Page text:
Wall of Charles V, Paris
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|This article has been translated from the article Enceinte de Charles V in the French Wikipedia, and requires proofreading.
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The wall of Charles V, built from 1356 to 1383 is one of the city walls of Paris. It was built on the right bank of the river Seine, outside the wall of Philippe Auguste and replaced it. In the 1640s, the western part of the wall of Charles V was demolished and replaced by the larger Louis XIII wall, with the demolished material reused in the new wall. This new enclosure (enceinte) was totally destroyed in the 1670s and replaced by the Grands Boulevards.
The wall of Philippe Auguste
The wall of Philippe Auguste, created at the beginning of the 13th century enclosed 253 hectares with houses, but also fields planted with vegetables and vines allowing people to resist a possible military siege. But after some decades, these fields had been replaced by homes and crops had been pushed outside the city walls. Several suburbs were growing rapidly, particularly in the west. The growing population could no longer be contained in the city. Furthermore, with the Hundred Years War, it became necessary to build a new enclosure to protect the capital of France.
A rampart of fortified earth
Étienne Marcel, provost of the merchants, began to build an earth rampart from 1356 to 1358, a few hundred yards beyond the wall of Philippe Auguste. Only the right side was affected by this expansion. King Charles V, from 1358, ordered the fortification of it and the addition of a large and deep ditch that would be filled by water from the river Seine.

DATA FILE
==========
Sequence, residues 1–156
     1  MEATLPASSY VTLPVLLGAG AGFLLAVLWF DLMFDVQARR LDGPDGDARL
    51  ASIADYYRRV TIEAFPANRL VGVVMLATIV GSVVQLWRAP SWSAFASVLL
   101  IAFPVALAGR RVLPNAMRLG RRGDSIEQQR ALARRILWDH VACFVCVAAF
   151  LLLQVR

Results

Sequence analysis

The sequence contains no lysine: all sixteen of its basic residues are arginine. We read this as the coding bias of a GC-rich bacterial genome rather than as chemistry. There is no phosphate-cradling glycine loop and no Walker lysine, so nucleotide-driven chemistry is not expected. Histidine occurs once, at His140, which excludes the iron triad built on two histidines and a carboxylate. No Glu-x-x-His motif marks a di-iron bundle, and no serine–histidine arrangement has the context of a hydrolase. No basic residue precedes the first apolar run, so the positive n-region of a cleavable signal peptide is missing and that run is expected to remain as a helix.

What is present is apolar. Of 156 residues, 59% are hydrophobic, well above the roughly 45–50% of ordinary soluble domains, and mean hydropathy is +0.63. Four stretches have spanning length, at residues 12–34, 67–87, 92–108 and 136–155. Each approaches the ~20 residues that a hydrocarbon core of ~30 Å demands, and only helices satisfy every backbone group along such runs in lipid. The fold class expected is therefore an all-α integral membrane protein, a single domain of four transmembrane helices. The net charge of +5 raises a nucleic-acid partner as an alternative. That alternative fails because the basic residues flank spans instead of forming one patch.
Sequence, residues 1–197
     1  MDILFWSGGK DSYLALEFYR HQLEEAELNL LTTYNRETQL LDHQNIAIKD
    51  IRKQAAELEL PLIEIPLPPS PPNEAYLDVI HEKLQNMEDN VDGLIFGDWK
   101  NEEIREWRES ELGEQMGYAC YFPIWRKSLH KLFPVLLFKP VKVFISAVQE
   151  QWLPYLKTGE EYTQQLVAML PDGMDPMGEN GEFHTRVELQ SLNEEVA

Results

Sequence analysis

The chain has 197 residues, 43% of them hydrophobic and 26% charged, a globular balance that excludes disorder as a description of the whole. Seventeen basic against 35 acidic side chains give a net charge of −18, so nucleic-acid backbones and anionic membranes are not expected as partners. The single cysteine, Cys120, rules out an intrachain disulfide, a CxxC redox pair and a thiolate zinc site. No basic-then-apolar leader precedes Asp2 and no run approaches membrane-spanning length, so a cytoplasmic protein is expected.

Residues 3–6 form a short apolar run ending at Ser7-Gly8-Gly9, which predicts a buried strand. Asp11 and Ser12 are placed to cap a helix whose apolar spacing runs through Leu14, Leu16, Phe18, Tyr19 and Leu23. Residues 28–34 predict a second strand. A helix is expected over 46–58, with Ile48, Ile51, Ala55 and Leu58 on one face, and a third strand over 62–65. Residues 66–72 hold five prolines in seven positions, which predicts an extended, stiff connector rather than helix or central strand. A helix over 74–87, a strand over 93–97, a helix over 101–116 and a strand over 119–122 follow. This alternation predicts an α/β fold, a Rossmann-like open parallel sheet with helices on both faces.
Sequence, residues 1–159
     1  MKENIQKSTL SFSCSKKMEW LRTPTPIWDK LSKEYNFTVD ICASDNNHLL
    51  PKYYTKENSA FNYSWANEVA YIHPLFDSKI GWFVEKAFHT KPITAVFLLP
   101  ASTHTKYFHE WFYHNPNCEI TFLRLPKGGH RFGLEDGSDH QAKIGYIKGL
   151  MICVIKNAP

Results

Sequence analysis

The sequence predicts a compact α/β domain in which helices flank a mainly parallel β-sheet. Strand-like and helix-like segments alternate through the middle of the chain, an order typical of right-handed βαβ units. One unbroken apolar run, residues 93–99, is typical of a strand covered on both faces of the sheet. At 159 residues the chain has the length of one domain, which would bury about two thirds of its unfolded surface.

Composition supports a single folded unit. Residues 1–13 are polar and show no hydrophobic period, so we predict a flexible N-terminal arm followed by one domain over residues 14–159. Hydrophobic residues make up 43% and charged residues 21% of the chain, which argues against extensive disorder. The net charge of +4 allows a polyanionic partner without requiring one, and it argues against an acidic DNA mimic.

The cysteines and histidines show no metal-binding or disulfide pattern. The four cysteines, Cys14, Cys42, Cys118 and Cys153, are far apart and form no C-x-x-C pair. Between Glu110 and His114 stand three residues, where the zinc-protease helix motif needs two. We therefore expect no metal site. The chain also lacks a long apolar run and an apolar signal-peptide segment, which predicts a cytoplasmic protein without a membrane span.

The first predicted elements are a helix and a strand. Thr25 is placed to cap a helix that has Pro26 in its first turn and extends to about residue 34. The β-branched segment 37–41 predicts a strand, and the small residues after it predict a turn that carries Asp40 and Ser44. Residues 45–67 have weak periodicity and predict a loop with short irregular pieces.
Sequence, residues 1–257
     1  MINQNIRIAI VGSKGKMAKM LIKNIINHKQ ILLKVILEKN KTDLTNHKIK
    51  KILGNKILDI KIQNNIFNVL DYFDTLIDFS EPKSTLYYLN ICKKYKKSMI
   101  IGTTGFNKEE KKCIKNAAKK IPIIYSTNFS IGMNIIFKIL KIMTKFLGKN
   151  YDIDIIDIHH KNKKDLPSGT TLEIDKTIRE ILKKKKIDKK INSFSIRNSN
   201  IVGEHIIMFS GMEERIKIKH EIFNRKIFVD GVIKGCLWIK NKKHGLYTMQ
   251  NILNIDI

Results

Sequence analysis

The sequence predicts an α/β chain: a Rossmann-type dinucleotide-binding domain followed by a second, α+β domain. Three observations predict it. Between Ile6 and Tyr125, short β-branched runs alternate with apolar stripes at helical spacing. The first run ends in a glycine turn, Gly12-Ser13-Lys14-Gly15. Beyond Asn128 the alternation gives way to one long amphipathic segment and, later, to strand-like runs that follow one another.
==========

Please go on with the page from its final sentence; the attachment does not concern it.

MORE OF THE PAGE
The new fortification extended westward beyond the Louvre, which lost its function as a fortress. Charles V transformed the Louvre into a residence, but without changing its dimensions. He established a library there with 973 books.
On the east, the new home of the King, the Hotel Saint-Pol, was poorly protected. Charles V decided to build the Chastel Saint-Antoine, that Parisians called the Bastide Saint-Antoine, then la Bastille (Bastide or Bastille is an old French word for castle). In 1370, the provost Hugues Aubriot laid the cornerstone of the building which was completed in 1382.
The city then spread over 440 hectares (1,100 acres) with more than 150,000 inhabitants.
Leaving the Seine between the Pont du Carrousel and the Pont Royal, the wall went to north to the Rue Saint-Honoré at the level of the Palais-Royal then to north-east along the Place des Victoires and the Rue d'Aboukir (opened on the location of the ditch) up to the Porte Saint-Denis. It then followed the Grands Boulevards of today (Boulevard Bonne-Nouvelle, Boulevard Saint-Martin, Boulevard du Temple, Boulevard des Filles du Calvaire, Boulevard Beaumarchais) and then returned to the Seine on the east.
The wall on the left bank of the river, built by Philippe-Auguste was not transformed, leaving the new faubourg Saint-Germain outside the walls.
The wall on the right bank included only six gates :
- Porte Saint-Honoré (on the Rue Saint-Honoré, about 500 meters outside the wall of Philippe Auguste)
- Porte Montmartre (on Rue Montmartre, at the junction with the rue d'Aboukir)
- Porte Saint-Denis (in its current location)
- Porte Saint-Martin (in its current location)
- Porte du Temple (in the location of the current Place de la République)
- Porte Saint-Antoine (the location of the current Place de la Bastille)
- Danielle Chadych et Dominique Leborgne : Atlas de Paris, Parigramme, 2002, ISBN 2-84096-249-7.
- This page is a translation of its French equivalent.
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